Rep. Louie Gohmert (R-TX) said he will take an anti-malaria drug that experts have warned doesn’t treat the coronavirus after he tested positive for the virus, Newsweek reports. Said Gohmert: “My doctor and I are all-in.”
Speaker Nancy Pelosi (D-CA) announced that all lawmakers will now be required to wear a mask while appearing on the chamber floor, a decision spurred by the news that a Republican congressman who has spurned facial coverings had tested positive for the coronavirus, the Washington Post reports.
Pelosi said she expects everyone to “adhere to this requirement as a sign of respect for the health, safety and well-being of others present in the chamber and surrounding areas.”
“The revelation Wednesday that Texas Republican Louie Gohmert, a renegade lawmaker known for stalking the halls of Congress without a mask, tested positive for Covid-19 has unleashed a fusillade of anger on Capitol Hill — a sudden release of built-up tension over how the institution has dealt with the coronavirus pandemic within the confines of its own workplace,” Politico reports.
“Now, legislative aides, chiefs of staff, press assistants, members of Congress, career workers and maintenance men and women are venting their fury with an institution that does not have uniform rules or masking requirements, does not mandate testing, is run with minimal oversight and must contend with a gaggle of lawmakers who doubt scientists and hold themselves out as experts on everything from disease hygiene to pharmacology.”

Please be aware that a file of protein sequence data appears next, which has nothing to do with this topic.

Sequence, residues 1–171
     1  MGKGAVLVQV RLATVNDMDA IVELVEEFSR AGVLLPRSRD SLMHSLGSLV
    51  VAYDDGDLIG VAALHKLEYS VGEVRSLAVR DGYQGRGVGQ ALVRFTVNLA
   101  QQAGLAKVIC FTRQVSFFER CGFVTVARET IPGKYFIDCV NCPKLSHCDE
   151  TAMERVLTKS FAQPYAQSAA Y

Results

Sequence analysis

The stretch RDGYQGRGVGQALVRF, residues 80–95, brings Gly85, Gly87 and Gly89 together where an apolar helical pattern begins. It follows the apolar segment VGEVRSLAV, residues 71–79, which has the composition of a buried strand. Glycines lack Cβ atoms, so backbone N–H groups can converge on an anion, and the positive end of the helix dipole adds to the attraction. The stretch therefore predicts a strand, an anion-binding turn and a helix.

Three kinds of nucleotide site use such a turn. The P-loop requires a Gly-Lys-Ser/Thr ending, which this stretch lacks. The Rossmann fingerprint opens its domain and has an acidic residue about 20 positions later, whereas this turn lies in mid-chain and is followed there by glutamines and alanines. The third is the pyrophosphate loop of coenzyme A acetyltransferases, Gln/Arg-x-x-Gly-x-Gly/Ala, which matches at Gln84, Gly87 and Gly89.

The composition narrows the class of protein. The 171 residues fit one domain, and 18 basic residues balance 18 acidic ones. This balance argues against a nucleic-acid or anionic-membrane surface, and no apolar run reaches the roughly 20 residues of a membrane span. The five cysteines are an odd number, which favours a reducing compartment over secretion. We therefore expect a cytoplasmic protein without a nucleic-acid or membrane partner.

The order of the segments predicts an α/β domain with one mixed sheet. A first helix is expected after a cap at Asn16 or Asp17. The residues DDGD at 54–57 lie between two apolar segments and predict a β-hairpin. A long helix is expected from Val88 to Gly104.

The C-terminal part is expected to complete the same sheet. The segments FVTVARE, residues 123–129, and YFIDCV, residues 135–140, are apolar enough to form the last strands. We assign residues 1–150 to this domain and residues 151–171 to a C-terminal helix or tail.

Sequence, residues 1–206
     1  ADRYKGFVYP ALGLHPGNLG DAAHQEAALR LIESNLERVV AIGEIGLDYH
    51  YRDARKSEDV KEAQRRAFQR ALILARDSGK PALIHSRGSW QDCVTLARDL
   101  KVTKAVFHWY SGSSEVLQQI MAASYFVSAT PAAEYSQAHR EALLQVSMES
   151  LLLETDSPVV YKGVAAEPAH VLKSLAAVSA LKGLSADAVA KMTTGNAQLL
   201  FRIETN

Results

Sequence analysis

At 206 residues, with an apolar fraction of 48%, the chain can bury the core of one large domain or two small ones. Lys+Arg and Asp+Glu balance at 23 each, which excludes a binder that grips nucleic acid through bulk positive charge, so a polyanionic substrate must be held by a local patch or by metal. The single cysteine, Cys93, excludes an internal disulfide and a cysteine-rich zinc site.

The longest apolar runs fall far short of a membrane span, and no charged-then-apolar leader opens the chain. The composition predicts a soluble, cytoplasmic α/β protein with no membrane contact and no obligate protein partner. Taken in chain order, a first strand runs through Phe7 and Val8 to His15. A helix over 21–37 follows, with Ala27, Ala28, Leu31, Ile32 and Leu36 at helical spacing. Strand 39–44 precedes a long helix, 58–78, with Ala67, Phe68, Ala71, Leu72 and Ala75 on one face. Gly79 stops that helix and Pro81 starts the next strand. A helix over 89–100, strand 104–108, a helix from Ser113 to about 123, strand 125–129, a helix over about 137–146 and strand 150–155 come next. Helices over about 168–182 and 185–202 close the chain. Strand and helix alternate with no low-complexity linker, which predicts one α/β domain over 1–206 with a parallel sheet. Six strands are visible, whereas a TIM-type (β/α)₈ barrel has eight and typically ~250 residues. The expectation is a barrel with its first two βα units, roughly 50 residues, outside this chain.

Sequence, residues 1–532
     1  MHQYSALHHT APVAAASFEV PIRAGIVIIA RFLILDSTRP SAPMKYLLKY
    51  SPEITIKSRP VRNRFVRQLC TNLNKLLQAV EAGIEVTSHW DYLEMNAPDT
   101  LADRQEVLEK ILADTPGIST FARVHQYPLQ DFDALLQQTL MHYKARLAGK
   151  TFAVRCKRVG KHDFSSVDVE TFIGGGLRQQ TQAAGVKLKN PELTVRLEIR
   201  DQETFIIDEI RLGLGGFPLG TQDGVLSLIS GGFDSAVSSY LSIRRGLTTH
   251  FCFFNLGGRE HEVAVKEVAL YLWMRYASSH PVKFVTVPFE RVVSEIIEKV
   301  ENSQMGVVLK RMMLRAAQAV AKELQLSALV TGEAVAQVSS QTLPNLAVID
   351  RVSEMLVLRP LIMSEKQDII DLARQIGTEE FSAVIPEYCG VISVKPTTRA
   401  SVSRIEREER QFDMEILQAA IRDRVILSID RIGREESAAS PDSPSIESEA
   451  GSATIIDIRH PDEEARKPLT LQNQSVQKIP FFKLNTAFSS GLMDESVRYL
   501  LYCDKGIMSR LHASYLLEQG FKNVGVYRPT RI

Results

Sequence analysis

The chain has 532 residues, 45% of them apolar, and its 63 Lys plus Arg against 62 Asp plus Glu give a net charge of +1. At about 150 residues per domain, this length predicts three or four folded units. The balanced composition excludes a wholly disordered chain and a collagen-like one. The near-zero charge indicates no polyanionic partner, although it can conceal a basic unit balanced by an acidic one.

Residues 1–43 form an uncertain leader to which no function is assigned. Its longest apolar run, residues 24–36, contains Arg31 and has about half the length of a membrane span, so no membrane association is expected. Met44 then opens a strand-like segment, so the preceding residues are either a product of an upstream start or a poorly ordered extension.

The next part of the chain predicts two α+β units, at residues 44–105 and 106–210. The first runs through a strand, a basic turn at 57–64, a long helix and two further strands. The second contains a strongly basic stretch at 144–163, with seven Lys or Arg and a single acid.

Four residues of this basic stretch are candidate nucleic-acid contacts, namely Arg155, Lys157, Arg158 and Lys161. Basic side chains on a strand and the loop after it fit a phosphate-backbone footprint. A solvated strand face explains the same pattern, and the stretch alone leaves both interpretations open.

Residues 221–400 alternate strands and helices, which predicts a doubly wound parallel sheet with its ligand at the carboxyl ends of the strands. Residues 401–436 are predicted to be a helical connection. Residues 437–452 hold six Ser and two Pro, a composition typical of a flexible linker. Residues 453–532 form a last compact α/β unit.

“President Trump called Sen. James Inhofe (R-OK) on Wednesday night for a conversation that Mr. Inhofe put on speakerphone to hear better as he sat in a Washington restaurant,” the New York Times reports.
“The conversation, overheard and recorded by someone in the room, ranged from a discussion about Anthony Tata, the retired Army brigadier general whose nomination for a top Pentagon policy position has become complicated, to Mr. Trump’s desire to preserve the name of Robert E. Lee, a Confederate general, on a military base.”
“Mr. Trump could be heard criticizing ‘cancel culture’ and then told Mr. Inhofe that people ‘want to be able to go back to life,’ and then appeared to dismiss the focus on the cultural shift taking place across the country with an expletive.”
“A federal appeals court in Washington will take a second look a judge’s effort to scrutinize the Justice Department’s decision to drop its case against President Trump’s former national security adviser Michael Flynn,” the Washington Post reports.